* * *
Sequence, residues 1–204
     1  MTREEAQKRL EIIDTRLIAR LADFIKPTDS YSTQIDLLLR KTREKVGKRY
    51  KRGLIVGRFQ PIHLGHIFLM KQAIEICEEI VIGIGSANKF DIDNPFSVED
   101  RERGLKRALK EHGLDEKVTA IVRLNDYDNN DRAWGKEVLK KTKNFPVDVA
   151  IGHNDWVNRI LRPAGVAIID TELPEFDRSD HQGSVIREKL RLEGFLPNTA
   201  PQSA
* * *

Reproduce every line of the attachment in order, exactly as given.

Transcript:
Sequence, residues 1–204
     1  MTREEAQKRL EIIDTRLIAR LADFIKPTDS YSTQIDLLLR KTREKVGKRY
    51  KRGLIVGRFQ PIHLGHIFLM KQAIEICEEI VIGIGSANKF DIDNPFSVED
   101  RERGLKRALK EHGLDEKVTA IVRLNDYDNN DRAWGKEVLK KTKNFPVDVA
   151  IGHNDWVNRI LRPAGVAIID TELPEFDRSD HQGSVIREKL RLEGFLPNTA
   201  PQSA